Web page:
Founding ceremony for Niger uranium mine

05 May 2009

President Mamadou Tandja of Niger has laid the foundation stone for Areva's Imouraren uranium mining complex. The mine is the most recent major uranium project to hit the headlines following developments in Malawi, Kazakhstan and Australia.

A ceremony attended by several hundred guests including Alain Joyandet, French secretary of state for cooperation and francophony, and Areva CEO Anne Lauvergeon, was held to mark the formal start of work on the Imouraren complex, where mining is scheduled to begin in earnest in 2012. According to Areva, its 5000 tU per year output will double the country's annual uranium output and give Niger second place in world uranium production rankings.

Areva was granted a permit to mine the deposit earlier this year, but the French nuclear company's involvement in Niger dates back over 40 years. As well as the mine, which will have a 35 year operating life and an initial investment of over €1.2 billion ($1.6 billion), Areva is also committing an annual €6 million ($8 million) to actions to strengthen social and economic development in the West African country over the next five years.

Strong foundations for U

Imouraren joins a growing list of major uranium projects to make serious progress in recent days, following the launch of the Kayalekera mine in Malawi and the official openings of the Kharasan 1 and Irkol projects in Kazakhstan. Even more recently, an environmental impact statement for a planned expansion that could see a massive increase in production at the Olympic Dam mine in Australia - already one of the world's largest uranium producers - has been published. According to Steve Kidd, Director of Strategy and Research at the World Nuclear Association, such large, low-cost projects will be the building blocks for future uranium production even as smaller projects are put on the back burner in the current economic climate.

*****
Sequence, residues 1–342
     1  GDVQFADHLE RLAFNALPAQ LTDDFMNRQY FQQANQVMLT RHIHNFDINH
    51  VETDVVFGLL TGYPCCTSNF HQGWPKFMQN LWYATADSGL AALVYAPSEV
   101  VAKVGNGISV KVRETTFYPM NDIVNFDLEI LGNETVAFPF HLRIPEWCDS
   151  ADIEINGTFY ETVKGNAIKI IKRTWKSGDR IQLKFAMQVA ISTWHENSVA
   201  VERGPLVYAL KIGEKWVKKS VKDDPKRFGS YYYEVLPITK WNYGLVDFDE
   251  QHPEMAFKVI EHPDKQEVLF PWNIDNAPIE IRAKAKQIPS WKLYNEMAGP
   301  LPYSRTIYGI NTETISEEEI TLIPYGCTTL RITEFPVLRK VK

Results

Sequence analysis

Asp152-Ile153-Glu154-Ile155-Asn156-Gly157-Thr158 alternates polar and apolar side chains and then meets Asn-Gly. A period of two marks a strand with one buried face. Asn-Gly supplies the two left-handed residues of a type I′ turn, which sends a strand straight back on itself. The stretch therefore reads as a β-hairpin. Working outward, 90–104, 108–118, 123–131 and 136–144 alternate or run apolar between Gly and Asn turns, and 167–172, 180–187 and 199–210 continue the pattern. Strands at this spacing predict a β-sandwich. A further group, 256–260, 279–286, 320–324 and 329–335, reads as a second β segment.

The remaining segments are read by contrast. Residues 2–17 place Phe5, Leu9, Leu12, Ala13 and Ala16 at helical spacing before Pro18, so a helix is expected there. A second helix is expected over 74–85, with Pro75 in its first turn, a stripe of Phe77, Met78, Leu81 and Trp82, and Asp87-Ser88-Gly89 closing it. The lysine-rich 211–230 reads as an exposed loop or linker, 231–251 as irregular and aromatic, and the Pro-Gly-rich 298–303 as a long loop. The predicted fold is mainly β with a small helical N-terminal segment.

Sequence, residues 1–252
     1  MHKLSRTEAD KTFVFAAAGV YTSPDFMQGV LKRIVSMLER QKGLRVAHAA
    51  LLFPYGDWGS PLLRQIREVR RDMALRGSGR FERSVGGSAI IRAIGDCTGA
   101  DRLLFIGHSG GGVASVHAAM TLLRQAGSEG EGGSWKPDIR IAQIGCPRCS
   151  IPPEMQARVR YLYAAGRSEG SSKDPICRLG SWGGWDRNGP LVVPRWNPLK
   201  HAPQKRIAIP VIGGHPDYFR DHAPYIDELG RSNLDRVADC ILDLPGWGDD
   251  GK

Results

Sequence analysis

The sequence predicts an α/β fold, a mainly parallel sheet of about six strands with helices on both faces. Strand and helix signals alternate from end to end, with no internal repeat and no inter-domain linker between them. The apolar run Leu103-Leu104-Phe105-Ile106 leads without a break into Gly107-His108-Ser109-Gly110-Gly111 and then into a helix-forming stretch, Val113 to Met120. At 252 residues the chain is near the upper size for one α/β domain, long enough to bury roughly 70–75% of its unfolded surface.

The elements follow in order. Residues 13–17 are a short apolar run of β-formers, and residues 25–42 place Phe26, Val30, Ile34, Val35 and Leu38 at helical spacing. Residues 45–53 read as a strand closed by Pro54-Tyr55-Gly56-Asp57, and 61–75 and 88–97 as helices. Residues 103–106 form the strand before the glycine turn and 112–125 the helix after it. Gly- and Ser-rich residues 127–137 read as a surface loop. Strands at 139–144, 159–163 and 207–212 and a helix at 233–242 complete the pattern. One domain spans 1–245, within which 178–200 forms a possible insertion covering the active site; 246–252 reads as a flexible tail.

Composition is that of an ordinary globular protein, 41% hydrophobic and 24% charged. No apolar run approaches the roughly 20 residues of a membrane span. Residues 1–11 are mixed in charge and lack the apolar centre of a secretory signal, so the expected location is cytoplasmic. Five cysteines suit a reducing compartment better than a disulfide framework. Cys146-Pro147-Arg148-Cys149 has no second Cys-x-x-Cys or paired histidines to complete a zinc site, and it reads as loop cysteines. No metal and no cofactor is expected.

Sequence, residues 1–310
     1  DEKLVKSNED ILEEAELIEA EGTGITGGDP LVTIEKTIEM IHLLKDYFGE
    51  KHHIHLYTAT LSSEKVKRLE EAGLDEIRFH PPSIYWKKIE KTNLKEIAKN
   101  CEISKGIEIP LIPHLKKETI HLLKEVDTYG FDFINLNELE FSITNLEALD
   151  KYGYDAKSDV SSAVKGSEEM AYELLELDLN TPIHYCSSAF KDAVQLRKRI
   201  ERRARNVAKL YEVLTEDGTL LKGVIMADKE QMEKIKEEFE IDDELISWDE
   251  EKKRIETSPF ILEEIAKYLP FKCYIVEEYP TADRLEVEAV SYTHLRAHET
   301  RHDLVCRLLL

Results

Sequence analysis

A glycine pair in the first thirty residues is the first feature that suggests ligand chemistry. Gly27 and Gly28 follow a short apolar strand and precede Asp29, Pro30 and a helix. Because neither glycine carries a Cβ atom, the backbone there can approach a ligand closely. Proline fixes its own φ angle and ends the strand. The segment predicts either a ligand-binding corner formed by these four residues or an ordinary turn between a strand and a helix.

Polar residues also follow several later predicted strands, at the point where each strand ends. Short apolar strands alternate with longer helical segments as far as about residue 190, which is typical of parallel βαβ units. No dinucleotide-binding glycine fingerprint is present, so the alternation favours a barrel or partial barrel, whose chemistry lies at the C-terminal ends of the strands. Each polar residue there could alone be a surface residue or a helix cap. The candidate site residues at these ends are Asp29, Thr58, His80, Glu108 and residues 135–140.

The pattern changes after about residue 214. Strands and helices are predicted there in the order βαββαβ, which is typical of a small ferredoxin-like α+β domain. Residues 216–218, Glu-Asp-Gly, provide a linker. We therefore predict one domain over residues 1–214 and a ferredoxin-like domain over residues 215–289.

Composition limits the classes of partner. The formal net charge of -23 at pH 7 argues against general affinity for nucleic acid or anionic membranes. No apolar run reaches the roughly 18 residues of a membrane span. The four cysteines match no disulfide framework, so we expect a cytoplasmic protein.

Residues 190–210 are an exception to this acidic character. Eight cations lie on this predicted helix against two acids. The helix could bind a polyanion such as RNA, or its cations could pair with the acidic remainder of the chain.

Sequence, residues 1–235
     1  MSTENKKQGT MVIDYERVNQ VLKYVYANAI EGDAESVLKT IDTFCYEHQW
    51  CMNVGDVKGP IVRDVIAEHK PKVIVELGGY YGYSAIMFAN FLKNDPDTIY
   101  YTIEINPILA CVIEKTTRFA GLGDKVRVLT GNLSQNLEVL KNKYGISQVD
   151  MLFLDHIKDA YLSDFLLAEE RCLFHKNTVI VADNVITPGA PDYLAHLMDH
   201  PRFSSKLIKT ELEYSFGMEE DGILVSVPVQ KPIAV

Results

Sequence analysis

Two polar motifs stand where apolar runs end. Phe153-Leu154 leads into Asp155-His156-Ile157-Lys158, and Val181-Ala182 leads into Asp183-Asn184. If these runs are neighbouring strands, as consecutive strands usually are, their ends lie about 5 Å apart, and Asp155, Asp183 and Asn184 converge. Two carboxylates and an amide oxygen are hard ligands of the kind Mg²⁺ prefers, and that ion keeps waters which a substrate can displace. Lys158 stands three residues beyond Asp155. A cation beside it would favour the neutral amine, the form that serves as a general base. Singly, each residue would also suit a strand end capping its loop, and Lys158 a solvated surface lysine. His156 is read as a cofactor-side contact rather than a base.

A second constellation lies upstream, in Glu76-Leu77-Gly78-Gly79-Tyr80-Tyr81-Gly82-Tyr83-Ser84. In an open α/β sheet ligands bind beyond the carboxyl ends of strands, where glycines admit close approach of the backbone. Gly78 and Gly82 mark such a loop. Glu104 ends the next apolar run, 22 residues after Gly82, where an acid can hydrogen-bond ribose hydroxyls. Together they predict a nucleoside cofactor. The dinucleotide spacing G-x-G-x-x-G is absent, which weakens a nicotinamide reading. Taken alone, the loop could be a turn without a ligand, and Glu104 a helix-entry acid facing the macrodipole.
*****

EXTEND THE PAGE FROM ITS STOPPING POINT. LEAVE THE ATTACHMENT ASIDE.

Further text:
"Everyone recognizes that world uranium production needs to increase substantially over the next 10-15 years, to cover both declining secondary supplies and increasing demand," said Kidd. He went on to explain that, given the sharp increase in the uranium price (despite the decline from the peak in summer 2007, the spot price is still four times its average during the 20 years to 2003), production increases over the past few years have been somewhat muted, and some expected new projects have become casualties as prices have fallen from their peak. There has also been a substantial shake-out in the junior uranium company sector. 

"We are left, however, with a number of large, lower cost projects, in Kazakhstan, Australia and Africa which will form the solid foundation for uranium production in the future. These take time to get underway, but are now proceeding gradually to the production stage. This will give the reactor operators the supply security they require, with uranium available from competitive major operations in a variety of countries," said Kidd.